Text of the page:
By William Markiewicz

Recently a Canadian survey among the Afghan population showed that the majority feel satisfied with the Western military presence in the country. The reasons are that security, prosperity, education and the women’s situation have improved. I have two questions that as far as I know remain unconsidered:

1) It's been a long time since the notion of "Yugoslavia" was used in the world. Even if the political entity of "Afghanistan" persists, it shouldn’t be forgotten that Afghanistan is far from being homogenous. The Afghan populations are ethnically more diversified than the Slavic populations in ex-Yugoslavia. Yugoslavs were separated mostly by religion while the ethnie was practically the same. They were also widely intermarried. The Afghan ethnic populations remain territorially and ethnically separated; the north, populated by the descendants of the army of Genghis Khan and the south, populated by the native Pashtun, are antagonistic to each other. In the days of the Afghan kingdom, the army and the police were predominantly Pashtun. Now the power belongs to the "Northern Alliance," aligned to the Americans. The Afghan army and police, really Northern Alliance army and police, control the rebellious South populated by Pashtun. Prospects for peace remain very gloomy in this situation.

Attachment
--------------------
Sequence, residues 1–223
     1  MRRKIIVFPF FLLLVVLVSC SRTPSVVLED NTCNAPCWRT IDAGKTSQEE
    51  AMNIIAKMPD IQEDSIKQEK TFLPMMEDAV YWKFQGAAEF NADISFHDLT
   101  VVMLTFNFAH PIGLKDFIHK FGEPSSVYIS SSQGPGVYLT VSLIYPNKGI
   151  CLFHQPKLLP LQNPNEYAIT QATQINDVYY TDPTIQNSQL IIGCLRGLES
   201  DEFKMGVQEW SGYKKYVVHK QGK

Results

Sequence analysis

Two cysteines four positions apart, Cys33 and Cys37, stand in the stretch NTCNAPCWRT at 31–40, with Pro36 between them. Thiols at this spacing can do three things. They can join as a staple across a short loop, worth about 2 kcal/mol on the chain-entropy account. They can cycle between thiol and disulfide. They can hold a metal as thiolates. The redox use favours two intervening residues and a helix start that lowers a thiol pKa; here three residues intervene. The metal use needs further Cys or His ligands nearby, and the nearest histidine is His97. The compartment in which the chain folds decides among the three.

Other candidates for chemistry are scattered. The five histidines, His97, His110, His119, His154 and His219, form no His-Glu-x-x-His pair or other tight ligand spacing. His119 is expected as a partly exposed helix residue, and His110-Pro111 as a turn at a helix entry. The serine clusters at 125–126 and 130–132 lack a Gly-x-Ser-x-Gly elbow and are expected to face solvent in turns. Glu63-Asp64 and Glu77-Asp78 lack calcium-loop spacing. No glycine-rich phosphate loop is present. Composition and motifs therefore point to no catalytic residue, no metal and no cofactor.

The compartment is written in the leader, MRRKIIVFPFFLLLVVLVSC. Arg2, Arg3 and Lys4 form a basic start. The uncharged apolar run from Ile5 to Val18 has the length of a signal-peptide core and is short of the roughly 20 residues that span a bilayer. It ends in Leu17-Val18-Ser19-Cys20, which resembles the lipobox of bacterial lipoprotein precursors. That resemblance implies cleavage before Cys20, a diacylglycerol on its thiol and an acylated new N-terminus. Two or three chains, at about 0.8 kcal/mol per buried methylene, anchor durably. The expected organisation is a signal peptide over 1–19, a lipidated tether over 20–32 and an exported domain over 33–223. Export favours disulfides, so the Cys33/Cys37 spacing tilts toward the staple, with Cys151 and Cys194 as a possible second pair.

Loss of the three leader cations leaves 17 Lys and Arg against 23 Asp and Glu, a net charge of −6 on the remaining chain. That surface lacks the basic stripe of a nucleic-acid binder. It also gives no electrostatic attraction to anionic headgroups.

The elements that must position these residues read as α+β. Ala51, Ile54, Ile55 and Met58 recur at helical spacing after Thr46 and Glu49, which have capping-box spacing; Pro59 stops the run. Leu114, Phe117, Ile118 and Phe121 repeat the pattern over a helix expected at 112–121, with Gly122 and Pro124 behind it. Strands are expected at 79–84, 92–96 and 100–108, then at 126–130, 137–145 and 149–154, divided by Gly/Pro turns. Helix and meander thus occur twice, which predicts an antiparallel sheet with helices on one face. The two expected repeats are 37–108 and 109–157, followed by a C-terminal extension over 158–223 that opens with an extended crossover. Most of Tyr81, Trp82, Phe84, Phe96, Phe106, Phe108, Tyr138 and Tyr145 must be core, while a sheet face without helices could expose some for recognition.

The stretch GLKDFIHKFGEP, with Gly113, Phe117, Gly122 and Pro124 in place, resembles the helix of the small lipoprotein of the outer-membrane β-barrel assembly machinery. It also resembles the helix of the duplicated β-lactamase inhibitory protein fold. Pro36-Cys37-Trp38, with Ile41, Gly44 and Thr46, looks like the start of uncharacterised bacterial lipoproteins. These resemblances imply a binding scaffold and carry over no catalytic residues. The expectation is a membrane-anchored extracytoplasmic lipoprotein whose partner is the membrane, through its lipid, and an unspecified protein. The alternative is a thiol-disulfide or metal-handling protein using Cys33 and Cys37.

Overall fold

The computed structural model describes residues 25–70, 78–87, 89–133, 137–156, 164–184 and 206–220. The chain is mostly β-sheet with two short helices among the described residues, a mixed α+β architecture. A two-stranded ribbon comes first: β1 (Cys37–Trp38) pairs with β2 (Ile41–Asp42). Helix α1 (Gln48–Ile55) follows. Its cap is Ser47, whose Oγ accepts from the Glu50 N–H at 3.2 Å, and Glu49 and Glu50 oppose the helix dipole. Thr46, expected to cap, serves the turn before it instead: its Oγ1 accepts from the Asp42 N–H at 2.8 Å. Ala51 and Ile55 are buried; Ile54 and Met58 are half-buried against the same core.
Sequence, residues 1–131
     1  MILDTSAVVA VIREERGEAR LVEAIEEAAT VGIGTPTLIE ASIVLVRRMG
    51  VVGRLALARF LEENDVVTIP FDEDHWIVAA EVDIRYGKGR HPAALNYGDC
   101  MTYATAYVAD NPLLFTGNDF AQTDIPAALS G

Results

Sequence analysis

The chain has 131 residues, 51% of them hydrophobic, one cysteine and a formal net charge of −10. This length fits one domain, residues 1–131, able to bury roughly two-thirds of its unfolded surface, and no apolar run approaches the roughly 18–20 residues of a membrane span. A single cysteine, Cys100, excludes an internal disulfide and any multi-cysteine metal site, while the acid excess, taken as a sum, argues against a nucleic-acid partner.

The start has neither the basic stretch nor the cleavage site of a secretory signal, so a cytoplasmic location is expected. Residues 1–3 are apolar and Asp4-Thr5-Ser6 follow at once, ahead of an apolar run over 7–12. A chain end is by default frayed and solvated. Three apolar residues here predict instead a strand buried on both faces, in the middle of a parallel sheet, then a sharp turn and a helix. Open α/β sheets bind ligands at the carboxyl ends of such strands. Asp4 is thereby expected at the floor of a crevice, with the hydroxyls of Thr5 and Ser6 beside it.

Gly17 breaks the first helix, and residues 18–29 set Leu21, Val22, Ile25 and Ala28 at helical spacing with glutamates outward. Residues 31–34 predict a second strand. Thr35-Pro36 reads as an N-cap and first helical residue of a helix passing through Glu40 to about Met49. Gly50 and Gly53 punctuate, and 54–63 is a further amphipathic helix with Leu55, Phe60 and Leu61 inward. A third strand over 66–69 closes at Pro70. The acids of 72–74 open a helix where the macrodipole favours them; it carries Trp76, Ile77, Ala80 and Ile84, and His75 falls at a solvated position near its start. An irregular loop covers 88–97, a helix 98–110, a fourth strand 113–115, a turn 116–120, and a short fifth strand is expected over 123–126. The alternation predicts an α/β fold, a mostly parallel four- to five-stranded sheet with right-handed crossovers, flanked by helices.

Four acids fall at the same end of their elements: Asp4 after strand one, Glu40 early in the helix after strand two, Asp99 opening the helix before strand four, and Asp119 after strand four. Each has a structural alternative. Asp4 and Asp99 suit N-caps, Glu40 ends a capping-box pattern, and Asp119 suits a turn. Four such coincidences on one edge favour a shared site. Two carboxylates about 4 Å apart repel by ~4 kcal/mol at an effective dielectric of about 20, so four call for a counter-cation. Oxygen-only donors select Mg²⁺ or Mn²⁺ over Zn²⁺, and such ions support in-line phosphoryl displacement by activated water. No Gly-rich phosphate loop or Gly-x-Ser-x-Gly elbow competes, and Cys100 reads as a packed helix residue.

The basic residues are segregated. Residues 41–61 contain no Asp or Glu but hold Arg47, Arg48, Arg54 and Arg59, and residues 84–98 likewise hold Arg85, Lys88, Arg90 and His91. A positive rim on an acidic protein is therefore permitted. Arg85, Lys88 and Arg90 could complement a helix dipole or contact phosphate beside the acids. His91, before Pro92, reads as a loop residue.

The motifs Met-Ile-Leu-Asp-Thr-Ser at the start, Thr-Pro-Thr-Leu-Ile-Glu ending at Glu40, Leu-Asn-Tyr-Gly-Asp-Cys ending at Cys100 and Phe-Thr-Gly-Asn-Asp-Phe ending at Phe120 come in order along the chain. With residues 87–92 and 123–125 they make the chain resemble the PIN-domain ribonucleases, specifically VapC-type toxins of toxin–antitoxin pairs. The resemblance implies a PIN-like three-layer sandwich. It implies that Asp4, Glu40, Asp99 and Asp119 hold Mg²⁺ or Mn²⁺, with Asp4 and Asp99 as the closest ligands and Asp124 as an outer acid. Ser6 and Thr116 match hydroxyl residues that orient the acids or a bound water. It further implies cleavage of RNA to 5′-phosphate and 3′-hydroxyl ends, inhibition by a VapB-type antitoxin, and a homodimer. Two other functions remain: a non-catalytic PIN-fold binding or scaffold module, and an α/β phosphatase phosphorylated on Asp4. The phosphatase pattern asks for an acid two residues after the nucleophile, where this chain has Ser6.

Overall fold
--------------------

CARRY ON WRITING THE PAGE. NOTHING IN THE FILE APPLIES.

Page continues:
2) One doesn't have to be an expert to know that countless states in the world need democracy; then why has Afghanistan been chosen to be blessed by a "democratic" invasion? Knowing history, the Pashtun will never be subdued by foreigners. The Northern Alliance doesn't care about democracy or the women's situation; they only hope, with the help of Nato, to give a mortal coup to the Pashtun.

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